That may be the correct position, but it is worth understanding that diminishing the value of defense in WAR means that we have to explain why teams are overvaluing position players and undervaluing pitchers when it comes to spending. Maybe they are, but I think it’s worth considering that we don’t have much in the way of evidence that teams buy into a smaller position player/pitcher split than what is currently modeled. The fact that the division of WAR matches the division of payroll isn’t a smoking gun, but it is at least a point that should make us pause before we consider whether or not the imperfections of WAR could be improved by moving value from the position players’ side of the ledger to the pitchers’ side.

In fact, there appears to be as much evidence that the 57/43 split underweights defensive value as there is that it overweights it. Robert Arthur noted the following a few weeks ago when he modeled the value of defensive metrics in a linear regression attempting to encapsulate ERA.

Just as with BP’s FRAA, the UZR-based dWAR of FanGraphs contributes some accuracy to our model of ERA. And, as with BP’s defensive metric, if any error is being committed, it’s that we are not weighting defense enough. For optimal accuracy, we should be accentuating the differences between players’ defensive statistics, not regressing them.

These results shouldn’t be entirely surprising. Defensive WAR is not a truth revealed from on high; it was designed (by very capable sabermetricians) with full knowledge of the fact that it improved our understanding of runs allowed. The coefficients which translate defensive play into runs weren’t chosen arbitrarily from a hat or a random number generator, but rather calibrated with at least some attention given to the resulting models’ ability to fit things like ERA. For this reason, we shouldn’t be surprised to find that our defensive metrics are well-suited to predicting ERA. Indeed, I would bet that the small error observed in both models (FG and BP), in which defensive metrics are perhaps slightly underutilized, is by design.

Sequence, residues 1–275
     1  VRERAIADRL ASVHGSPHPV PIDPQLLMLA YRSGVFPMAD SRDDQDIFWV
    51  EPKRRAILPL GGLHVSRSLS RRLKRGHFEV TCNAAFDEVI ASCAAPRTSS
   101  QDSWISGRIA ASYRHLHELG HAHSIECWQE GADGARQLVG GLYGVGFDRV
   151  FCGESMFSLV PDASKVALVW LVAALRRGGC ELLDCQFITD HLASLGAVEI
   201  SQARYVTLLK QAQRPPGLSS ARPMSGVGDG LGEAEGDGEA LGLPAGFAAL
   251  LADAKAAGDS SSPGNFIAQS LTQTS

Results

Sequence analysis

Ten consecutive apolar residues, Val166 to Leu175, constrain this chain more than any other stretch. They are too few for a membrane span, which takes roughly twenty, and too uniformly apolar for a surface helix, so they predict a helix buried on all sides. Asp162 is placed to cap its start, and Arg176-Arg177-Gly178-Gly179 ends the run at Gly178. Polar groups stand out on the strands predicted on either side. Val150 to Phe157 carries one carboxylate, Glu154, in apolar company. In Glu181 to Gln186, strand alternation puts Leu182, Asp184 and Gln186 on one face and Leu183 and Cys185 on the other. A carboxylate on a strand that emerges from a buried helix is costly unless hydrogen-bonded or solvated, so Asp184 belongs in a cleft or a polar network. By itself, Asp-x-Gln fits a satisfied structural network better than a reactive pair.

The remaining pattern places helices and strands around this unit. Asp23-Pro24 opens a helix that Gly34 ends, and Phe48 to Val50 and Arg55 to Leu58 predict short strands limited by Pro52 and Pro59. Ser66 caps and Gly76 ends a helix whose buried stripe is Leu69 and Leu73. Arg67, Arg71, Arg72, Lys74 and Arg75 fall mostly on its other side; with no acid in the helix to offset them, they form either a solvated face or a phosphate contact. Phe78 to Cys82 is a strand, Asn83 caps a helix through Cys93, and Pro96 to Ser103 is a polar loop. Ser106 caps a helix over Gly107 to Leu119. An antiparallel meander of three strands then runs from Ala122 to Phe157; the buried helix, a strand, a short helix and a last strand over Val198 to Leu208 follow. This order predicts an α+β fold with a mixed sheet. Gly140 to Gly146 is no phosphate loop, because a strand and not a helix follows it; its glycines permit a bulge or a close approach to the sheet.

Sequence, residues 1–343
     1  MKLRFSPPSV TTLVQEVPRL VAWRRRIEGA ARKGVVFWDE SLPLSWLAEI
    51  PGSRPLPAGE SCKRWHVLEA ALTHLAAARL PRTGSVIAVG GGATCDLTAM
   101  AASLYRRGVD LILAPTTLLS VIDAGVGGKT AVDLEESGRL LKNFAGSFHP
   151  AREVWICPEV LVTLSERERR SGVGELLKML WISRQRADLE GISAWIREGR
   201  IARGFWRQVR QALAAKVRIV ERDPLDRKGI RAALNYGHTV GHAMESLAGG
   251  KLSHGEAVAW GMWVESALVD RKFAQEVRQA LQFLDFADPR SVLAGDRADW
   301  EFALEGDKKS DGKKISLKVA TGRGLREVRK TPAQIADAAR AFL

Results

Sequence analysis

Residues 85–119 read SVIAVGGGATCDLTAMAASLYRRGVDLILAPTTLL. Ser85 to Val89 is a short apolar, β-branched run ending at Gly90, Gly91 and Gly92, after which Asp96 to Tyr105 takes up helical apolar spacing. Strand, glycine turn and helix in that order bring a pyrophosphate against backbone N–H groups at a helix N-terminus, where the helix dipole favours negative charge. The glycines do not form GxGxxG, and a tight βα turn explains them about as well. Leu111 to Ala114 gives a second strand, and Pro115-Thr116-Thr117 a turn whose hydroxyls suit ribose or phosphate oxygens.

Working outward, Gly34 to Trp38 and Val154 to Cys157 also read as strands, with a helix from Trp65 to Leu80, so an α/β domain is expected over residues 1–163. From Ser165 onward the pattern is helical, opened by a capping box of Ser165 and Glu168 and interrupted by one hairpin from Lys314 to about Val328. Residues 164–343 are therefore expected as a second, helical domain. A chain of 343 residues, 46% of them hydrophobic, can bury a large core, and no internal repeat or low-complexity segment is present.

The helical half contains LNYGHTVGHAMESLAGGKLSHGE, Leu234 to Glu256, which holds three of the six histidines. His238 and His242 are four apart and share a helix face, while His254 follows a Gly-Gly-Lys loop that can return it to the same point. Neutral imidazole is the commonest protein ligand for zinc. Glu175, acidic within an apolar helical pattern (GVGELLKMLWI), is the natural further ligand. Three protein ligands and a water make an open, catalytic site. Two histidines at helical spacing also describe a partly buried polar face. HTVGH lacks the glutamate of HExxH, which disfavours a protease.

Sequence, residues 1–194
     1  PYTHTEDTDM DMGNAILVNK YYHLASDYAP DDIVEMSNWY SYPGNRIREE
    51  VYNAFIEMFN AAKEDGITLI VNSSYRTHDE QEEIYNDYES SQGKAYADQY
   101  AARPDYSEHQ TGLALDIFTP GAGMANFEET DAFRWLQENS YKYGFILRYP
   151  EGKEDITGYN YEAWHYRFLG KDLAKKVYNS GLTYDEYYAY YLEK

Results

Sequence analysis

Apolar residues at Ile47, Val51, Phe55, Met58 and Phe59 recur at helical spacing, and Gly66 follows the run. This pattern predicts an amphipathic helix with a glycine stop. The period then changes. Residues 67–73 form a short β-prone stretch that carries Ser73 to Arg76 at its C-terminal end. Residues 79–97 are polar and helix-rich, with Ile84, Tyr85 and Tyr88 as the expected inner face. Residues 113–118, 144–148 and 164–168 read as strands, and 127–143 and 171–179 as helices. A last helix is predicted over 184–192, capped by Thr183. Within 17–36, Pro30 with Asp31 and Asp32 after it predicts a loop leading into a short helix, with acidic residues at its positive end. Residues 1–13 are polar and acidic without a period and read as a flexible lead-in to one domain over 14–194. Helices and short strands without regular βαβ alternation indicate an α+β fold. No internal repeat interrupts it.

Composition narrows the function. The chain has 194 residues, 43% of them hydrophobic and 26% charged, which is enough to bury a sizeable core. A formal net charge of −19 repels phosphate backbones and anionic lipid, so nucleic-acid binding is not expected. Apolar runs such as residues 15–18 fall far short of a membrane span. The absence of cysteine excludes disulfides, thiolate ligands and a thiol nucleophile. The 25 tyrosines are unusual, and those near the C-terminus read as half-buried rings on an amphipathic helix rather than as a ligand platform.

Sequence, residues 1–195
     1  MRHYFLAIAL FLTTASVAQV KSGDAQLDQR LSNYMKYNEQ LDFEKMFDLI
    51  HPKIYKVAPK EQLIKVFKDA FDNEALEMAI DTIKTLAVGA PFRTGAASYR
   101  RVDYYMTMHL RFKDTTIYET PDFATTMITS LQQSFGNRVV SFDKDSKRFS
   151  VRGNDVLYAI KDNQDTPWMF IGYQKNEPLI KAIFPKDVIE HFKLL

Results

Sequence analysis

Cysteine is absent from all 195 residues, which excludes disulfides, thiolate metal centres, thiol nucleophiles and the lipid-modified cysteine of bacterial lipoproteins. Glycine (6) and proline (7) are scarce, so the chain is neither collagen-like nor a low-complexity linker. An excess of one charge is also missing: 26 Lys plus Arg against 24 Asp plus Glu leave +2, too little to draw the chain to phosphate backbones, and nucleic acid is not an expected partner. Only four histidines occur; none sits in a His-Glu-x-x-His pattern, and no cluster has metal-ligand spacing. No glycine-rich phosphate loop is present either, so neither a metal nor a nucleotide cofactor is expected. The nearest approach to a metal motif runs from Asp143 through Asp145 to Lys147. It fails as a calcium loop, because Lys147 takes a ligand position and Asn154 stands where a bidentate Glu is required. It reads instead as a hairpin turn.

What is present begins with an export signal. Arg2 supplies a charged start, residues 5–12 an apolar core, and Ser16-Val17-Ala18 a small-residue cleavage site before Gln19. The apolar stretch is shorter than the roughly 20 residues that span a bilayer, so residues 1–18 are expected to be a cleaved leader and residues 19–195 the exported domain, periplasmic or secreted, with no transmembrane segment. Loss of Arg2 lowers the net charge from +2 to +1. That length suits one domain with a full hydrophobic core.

Considering this experiment, I don’t think that there exists any particular issue with the weighting of defensive WAR as a whole, despite Passan’s argument. There might be a problem with Alex Gordon’s dWAR in particular (or Adeiny Hechavarria’s, or whoever’s). Yet, the overall weighting of dWAR is reasonably accurate, or it would have been discarded for something different.

It is entirely correct to state that we lack the confidence in our defensive estimates that we have in our offensive estimates. However, that statement remains true even if we regress defensive metrics, and the reality may very well be that constraining the defensive component of WAR might very well make the metric less correct, not more so. Any total value metric, like WAR, will have to make some assumption about the value of a positional player’s defensive contribution. A smaller range of contributions might be more palatable, but may in fact be less correct.